Project Euphonia

While I could of course post a rant about the ongoing political farce, Caroline, the lady I work with at Charlton Park Academy, has sent me  something far, far more interesting. Google has started to develop speech recognition software for people whose disabilities distort their  speech. According to the link she sent me ”if you have a speech disorder cause by a neurological impairment like ALS or multiple sclerosis, then using Google Assistant or Amazon’s Alexa will be off-limits to you. In today’s tech environment, that means missing out on a lot.

”That’s why Google is launching a new initiative to make speech technology more accessible to those with disabilities. It’s called Project Euphonia, and it incorporates a wide array of research directions, alongside collaborations with nonprofits and volunteers.”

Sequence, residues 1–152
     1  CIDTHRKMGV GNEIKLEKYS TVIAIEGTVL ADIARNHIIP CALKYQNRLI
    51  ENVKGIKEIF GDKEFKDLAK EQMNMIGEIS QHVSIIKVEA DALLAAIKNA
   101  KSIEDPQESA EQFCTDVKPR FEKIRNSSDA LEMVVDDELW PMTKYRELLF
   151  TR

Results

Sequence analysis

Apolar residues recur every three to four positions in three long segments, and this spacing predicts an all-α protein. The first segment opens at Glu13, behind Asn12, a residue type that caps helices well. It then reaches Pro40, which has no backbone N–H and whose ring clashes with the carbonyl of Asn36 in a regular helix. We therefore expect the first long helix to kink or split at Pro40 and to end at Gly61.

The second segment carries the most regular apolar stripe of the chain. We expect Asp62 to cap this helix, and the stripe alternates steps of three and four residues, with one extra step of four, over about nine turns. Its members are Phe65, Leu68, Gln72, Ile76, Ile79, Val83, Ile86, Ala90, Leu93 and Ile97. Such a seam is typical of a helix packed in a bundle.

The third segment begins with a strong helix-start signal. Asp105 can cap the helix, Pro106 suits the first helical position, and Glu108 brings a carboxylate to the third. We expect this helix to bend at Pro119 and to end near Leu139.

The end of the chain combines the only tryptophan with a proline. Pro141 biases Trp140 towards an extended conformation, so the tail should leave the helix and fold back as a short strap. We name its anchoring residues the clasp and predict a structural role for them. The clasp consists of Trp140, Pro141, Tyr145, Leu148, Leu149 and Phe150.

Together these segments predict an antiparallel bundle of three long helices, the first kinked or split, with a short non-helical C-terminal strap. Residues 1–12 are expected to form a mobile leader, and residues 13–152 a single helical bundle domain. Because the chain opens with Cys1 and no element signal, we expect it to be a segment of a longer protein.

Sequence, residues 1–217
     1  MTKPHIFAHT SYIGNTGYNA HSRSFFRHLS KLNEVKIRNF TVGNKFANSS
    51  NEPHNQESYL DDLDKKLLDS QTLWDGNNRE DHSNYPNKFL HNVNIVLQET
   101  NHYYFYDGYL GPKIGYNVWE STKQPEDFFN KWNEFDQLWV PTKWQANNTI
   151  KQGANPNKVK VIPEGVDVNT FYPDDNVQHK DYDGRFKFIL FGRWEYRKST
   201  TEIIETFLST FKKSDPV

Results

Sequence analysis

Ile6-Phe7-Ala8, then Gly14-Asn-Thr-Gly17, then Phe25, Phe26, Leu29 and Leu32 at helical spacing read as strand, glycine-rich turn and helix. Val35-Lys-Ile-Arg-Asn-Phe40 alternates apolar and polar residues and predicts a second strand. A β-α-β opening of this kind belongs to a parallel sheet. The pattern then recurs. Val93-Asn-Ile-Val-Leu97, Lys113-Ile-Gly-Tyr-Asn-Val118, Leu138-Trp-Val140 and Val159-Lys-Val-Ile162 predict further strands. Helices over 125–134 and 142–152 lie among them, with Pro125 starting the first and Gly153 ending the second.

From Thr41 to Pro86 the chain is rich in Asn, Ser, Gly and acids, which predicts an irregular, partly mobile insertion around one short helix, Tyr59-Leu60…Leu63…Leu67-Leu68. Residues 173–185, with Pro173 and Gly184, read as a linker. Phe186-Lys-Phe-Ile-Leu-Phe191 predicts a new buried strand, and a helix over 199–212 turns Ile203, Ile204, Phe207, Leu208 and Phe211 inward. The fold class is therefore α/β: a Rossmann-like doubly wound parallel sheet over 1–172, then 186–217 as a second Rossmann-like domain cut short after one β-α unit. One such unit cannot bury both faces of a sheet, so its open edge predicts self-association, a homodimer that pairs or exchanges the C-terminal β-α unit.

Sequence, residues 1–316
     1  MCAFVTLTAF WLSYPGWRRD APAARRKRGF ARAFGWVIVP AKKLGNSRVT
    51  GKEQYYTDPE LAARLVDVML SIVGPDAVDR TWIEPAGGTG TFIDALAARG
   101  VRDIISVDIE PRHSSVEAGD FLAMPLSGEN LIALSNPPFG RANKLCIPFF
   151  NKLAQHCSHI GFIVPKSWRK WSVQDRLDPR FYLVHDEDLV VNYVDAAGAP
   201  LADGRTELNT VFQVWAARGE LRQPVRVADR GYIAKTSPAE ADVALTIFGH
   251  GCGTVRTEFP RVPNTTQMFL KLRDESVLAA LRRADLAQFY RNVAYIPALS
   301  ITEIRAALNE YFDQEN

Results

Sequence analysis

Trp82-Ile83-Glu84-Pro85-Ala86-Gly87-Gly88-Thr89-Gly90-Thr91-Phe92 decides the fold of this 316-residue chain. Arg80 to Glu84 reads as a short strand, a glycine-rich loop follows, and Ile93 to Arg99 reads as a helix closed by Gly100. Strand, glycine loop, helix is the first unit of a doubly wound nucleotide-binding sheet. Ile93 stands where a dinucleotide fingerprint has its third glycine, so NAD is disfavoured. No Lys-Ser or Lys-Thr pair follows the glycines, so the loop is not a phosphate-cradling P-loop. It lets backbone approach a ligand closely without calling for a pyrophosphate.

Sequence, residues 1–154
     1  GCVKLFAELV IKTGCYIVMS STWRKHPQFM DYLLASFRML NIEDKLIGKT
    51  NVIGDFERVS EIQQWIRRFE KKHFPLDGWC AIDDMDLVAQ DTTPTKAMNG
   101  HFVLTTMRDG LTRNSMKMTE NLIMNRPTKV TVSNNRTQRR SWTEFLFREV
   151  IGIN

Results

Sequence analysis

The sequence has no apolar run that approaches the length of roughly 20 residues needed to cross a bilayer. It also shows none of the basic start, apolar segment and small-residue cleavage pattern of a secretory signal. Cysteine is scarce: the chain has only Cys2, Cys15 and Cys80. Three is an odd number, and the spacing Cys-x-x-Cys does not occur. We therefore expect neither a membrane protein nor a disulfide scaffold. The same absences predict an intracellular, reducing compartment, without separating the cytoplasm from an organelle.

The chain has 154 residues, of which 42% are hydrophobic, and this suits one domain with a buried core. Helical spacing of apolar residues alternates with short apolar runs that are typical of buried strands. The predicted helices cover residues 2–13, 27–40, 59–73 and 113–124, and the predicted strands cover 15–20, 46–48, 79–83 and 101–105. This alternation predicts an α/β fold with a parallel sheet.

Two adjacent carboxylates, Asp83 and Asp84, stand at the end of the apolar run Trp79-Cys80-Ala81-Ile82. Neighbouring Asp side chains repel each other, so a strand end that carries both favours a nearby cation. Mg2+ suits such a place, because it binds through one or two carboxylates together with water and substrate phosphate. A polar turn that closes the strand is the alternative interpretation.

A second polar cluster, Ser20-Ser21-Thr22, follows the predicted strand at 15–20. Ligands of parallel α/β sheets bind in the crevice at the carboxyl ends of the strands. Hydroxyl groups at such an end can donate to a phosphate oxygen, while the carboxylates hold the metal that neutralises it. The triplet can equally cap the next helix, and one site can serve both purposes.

Google is asking for volunteers whose speech is distorted to go in so it  can model the patterns of  their speech. Frankly though, I’m not sure how useful such an approach would be, since speech like mine isn’t that consistent: I might try to verbalise the same word or phrase twice, but it won’t necessarily sound the same. Nonetheless, this is certainly worth keeping my eye  on: being able to use things like Siri could make stuff much easier and faster.

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